CIMCO logoSustainable Thermal Solutions
Skip to main content

 

 

As part of the global effort to mitigate climate change, the HFC phasedown has profound implications for various industries, particularly ice rinks, food and beverage production, process cooling & manufacturing plants where refrigeration is a mission critical component.

 

In a recent announcement, the EPA unveiled a new rule mandating a 40% reduction in HFCs beginning next year, as part of a broader international effort to address climate change. This move aligns with a 2020 law aiming for an 85% reduction in the production and usage of these environmentally harmful chemicals by 2036. In recent years, concerns about climate change have led to significant environmental policies and regulations worldwide. Among these, the phasedown of hydrofluorocarbons (HFCs) has emerged as a critical initiative to combat greenhouse gas emissions. The Environmental Protection Agency (EPA) is taking decisive action to curb the impact of hydrofluorocarbons (HFCs) – potent greenhouse gases found in refrigerators and air conditioners – that contribute significantly to global warming.

 

As part of the global effort to mitigate climate change, the HFC phasedown has profound implications for various industries, particularly ice rinks, food and beverage production, process cooling & manufacturing plants where refrigeration is a mission critical component. In this blog post, we will delve into what the HFC phasedown entails, its impact on these sectors, and why moving towards natural refrigerants is not just environmentally responsible but also beneficial for businesses and customers alike.

 

The HFC Phasedown: What It Means

 

HFCs are potent greenhouse gases used as refrigerants in various applications, such as air conditioning, refrigeration systems, and more. They have a significant global warming potential (GWP), contributing to the greenhouse effect and climate change. The HFC phasedown is a coordinated effort by governments and international organizations to gradually reduce the production, consumption, and usage of HFCs.

The Kigali Amendment to the Montreal Protocol, adopted in 2016, is a landmark agreement aimed at phasing down HFCs. Under this amendment, countries have agreed to a set of targets and timelines to gradually reduce HFC consumption, with developed countries taking earlier actions than developing ones.

 

Implications for Ice Rinks

 

Ice rinks are heavily dependent on refrigeration systems to maintain ice quality for skating and other activities. Traditionally, HFCs like R-22 and R-404A have been commonly used as refrigerants. However, as the HFC phasedown progresses, restrictions on the production and import of high-GWP HFCs are already impacting the availability and cost of these refrigerants.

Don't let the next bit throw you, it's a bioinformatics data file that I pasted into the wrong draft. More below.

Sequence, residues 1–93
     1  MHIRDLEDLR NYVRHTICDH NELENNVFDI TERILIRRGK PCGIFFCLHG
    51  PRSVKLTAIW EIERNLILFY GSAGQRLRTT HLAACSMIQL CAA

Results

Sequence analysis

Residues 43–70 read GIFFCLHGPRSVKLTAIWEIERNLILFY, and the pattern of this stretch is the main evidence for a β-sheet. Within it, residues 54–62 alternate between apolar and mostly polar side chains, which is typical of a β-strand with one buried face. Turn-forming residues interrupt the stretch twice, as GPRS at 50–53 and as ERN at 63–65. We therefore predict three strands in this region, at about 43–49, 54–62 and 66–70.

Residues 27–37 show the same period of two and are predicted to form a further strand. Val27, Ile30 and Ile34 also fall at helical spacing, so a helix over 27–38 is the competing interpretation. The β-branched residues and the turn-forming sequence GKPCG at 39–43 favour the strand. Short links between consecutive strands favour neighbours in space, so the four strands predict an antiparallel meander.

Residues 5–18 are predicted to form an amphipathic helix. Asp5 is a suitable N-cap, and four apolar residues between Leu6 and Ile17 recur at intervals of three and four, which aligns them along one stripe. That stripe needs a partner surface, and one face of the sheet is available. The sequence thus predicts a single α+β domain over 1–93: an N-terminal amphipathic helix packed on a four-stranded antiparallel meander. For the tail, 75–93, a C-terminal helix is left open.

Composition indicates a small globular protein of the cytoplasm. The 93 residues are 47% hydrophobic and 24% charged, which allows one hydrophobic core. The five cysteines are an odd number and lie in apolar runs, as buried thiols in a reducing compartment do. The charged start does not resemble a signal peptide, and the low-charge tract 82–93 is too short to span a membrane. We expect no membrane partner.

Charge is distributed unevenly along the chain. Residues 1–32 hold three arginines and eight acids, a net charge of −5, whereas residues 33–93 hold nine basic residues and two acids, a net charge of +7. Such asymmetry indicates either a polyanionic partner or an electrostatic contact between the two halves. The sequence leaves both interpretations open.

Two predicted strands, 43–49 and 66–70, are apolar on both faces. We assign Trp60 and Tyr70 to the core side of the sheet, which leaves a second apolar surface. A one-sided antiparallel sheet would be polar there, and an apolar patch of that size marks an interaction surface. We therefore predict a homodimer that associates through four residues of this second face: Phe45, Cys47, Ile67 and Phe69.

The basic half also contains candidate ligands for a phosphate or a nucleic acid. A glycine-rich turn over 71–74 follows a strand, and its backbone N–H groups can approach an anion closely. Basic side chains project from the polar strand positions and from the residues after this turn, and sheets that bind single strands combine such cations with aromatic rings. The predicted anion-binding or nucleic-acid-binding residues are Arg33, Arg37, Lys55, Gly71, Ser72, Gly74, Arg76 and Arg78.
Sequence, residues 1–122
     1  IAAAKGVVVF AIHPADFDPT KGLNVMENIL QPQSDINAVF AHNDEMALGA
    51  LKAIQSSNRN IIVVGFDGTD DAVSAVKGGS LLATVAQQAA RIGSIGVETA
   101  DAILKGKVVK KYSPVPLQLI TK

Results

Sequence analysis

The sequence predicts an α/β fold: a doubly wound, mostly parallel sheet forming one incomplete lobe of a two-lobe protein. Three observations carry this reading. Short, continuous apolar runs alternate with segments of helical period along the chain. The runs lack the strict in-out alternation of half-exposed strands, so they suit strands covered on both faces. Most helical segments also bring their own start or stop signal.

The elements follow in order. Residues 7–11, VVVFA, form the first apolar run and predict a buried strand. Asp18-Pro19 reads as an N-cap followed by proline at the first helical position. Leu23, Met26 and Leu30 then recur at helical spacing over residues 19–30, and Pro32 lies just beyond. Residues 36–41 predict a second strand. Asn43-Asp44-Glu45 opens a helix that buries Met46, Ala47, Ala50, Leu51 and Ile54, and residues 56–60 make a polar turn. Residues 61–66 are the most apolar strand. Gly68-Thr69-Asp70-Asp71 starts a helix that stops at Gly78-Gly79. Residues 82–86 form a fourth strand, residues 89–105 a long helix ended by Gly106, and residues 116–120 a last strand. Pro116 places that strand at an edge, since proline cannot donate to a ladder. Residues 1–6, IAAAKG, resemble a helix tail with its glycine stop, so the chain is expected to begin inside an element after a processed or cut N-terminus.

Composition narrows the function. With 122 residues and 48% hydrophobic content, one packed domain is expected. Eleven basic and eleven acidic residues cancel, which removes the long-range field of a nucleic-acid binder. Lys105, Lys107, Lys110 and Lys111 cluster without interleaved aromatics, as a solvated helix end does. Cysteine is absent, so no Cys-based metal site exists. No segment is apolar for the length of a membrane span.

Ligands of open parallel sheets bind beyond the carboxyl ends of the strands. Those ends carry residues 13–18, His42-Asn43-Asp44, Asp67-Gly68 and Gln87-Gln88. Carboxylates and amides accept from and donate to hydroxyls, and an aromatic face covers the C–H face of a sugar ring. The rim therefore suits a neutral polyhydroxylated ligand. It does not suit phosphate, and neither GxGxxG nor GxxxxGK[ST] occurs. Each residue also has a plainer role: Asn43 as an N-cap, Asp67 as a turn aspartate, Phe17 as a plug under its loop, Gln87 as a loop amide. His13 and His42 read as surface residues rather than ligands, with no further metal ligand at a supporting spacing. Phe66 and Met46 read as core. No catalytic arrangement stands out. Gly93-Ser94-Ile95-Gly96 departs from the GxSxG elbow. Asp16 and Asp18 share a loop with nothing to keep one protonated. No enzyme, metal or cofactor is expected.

For ice rinks, this could entail updating existing HFC-based systems or exploring alternative refrigerants that align with regulations and avoid potential future phaseouts. It is also crucial to consider refrigerants that offer long-term stability, as instances of major leaks leading to forced replacements have resulted in unforeseen expenses. Transitioning to low-GWP refrigerants, such as ammonia (R-717) or carbon dioxide (R-744), provides a viable and sustainable solution. With a GWP of 0-1, these natural refrigerants have a minimal impact on global warming, making them unlikely to face phaseouts. As commodities, they are shielded from price and availability barriers, ensuring long-term compliance with environmental regulations without significant cost implications.

 

Implications for retailers, cold storage warehouses, and industrial process facilities.

 

Cold Storage, industrial process facilities, production and manufacturing plants are essential for various industries, and many rely heavily on refrigeration to preserve raw materials, intermediate products, and finished goods. HFCs have been commonly used in these facilities as well. With the HFC phasedown, these plants face similar challenges in adapting to the changing refrigerant landscape.

To comply with regulations and fulfil their sustainability commitments, most facilities and plants are transitioning to natural refrigerants like ammonia, carbon dioxide, or hydrocarbons (such as propane and isobutane). These alternatives provide numerous benefits, including reduced greenhouse gas emissions, improved energy efficiency, and a safer working environment. Making the switch to natural refrigerants can be a cost-effective long-term solution that ensures operational continuity while promoting sustainability.